The
following section provides an overview of the few mHealth initiatives carried
out in India to provide information, create awareness and bring out behavioral
changes in women. According to the latest government data, India’s infant
mortality rate (IMR) declined from 37 per 1000 live births in 2015 to 34 per
1000 live births in 2016.  Mobile
technology can be attributed to the decline in this number which contributed to
the reduction in delay in accessing maternal health. mHealth helps in improving
access, coverage and addressing gaps in delivery. However, it has been observed
that using mobile camera photos for diagnosis led to a reduction in the
accuracy of diagnosis. Several studies have shown the effectiveness of mHealth
technologies in advancing maternal and child health care in low and middle
income countries (Tamrat et al., 2012; Noordam et al., 2011 ; Sondaal et al.,
2016). Yet, there is still a long way to go to meet the 2019 target of IMR 28
per 1000 live births (Kaul, 2017).

In 2012, a
public health program to improve maternal and newborn health was initiated in
Bihar by Care India with the support of Bill and Melinda Gates Foundation with
the overall goal of achieving the Millennium Development Goals (MDG) 4 and 5.
As an innovation in this program, the Continuum of Care Services (CCS) –
(Maternal and Child) was introduced using an mHealth platform. Out of total
3000, 500frontime workers including Accredited Social Health Activists,
Anganwadi Workers, Auxilliary Nurse Midwives and Lady Health Supervisors were
trained to use the mHealth platform. The service delivery components namely
early registration of pregnant women, three antenatal visits, tetanus toxoid
immunization of the mother, iron and folic acid tablet supply, institutional
delivery, postnatal home visits and early initiation of breastfeeding were used
as indicators for good quality services. The resultant coverage of these
services in the implementation area was compared with rest of Bihar and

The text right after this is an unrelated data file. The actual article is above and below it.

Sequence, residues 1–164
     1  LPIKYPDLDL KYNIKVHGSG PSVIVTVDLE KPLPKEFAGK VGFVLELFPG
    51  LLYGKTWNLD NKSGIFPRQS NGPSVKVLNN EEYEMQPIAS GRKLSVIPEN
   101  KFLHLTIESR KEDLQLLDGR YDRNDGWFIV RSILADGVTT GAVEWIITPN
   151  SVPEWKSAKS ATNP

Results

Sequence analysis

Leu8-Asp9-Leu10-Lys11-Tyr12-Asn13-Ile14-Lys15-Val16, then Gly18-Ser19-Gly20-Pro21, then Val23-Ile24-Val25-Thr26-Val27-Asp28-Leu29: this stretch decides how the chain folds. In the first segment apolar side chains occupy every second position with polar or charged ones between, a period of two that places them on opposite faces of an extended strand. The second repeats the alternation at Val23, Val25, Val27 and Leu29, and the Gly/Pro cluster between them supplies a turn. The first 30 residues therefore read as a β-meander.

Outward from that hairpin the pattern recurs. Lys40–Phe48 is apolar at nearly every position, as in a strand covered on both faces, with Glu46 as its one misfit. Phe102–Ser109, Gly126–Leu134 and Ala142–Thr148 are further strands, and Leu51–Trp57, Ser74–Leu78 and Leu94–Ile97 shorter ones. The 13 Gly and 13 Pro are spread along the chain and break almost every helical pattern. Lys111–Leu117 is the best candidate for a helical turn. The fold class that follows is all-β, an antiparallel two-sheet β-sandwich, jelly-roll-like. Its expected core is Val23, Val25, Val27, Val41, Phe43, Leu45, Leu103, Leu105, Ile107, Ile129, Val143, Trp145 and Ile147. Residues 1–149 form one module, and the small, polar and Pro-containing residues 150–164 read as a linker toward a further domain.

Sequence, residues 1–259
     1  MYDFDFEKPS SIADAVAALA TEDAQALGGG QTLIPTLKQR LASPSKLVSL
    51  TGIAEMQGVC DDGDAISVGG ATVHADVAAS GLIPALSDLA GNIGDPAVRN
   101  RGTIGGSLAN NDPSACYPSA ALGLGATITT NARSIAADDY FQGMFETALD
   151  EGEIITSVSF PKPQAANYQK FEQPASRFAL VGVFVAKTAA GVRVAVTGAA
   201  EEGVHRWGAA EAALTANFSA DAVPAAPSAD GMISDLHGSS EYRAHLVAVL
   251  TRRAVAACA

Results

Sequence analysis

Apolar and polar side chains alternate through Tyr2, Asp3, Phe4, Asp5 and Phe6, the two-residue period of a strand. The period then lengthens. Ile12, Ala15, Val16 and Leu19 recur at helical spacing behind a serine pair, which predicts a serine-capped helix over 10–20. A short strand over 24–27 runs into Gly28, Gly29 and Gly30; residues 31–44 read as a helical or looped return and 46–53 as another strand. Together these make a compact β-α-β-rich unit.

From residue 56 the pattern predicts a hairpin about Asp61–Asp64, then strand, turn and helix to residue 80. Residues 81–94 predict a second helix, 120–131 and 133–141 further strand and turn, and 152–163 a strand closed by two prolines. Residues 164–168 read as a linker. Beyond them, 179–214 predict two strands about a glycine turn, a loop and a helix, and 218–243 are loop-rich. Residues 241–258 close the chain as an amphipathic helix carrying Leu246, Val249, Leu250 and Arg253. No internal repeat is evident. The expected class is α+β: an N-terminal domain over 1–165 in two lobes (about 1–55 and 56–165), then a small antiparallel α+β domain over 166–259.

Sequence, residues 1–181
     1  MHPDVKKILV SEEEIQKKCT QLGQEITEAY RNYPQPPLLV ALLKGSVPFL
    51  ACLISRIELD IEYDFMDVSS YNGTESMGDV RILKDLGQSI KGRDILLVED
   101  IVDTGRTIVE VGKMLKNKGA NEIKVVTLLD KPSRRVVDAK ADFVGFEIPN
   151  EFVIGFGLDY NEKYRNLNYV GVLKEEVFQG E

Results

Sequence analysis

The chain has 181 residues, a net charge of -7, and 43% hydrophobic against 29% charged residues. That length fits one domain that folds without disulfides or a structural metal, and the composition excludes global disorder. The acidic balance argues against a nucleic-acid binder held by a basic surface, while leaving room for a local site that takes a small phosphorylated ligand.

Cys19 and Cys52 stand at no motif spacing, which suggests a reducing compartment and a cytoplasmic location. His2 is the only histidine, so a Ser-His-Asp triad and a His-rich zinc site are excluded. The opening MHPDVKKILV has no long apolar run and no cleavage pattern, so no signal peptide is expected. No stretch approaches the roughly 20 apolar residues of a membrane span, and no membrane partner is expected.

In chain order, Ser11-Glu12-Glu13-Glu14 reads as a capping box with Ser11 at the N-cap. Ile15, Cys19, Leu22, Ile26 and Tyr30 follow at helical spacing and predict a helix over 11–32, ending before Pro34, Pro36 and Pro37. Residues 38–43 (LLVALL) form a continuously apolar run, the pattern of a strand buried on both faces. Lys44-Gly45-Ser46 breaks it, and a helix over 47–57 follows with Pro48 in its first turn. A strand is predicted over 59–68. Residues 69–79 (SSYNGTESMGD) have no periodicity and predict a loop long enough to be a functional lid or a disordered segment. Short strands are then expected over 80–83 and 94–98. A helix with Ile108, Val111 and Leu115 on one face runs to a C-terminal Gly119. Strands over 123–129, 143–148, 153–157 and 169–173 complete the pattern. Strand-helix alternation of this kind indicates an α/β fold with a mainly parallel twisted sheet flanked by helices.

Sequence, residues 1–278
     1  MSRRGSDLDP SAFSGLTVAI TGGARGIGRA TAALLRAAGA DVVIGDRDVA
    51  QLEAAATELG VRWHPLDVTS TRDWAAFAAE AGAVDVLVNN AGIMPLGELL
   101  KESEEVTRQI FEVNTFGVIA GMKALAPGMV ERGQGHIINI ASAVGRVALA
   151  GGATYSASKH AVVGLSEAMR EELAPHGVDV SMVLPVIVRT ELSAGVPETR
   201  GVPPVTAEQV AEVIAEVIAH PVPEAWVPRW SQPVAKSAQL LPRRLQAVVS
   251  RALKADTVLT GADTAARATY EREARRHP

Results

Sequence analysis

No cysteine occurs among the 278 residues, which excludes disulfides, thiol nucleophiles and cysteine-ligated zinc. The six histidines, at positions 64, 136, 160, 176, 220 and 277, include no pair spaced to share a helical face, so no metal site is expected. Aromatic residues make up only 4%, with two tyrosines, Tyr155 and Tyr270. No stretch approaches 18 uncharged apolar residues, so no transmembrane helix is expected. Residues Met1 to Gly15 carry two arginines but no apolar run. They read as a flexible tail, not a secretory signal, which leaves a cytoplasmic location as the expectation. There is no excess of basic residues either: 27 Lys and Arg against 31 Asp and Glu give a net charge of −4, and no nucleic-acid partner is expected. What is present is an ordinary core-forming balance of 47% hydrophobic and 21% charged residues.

previous year statistics of the same area and it was observed that this
intervention helped in strengthening the coverage, quality, equity and
efficiency of services (Ramkrishnan et al., 2016). The Sisu Samrakshak (SSK)
program in Andhra Pradesh, India, which was funded by the UNICEF, has been running
since 2000. It demonstrates the incorporation of data management into primary
health care services using mobile technology. Handheld devices are used by the
“Anganwadi” workers to monitor the health development in the catchment area and
communicate the data to the nearest rural health centers. Subsequently, the
same mobile device disseminates necessary information related to topics such as
pregnancy, nutrition, and immunizations (Rao, 2009). Yet in another initiative
by UNICEF’s MAPEDIR (Maternal and Perinatal Death Inquiry and Response) aimed
to tackle the maternal mortality at the family, community, health service, and
policy-making levels. Emergency medical support in Madhya Pradesh was provided
with the help of 24 hour obstetric help line support to community members and
health workers which helped in reducing delays associated with when to seek
medical care, identifying healthcare facilities for appropriate service and
care delivery. mHealth initiatives have been used to collect data on
immunization and prenatal care visits in Haryana, with the help of handheld
computers (Mechael, 2009).In another initiative in Andhra Pradesh, a provision
of handheld computers aided to collect and monitor nutrition, maternal and
child health activities.

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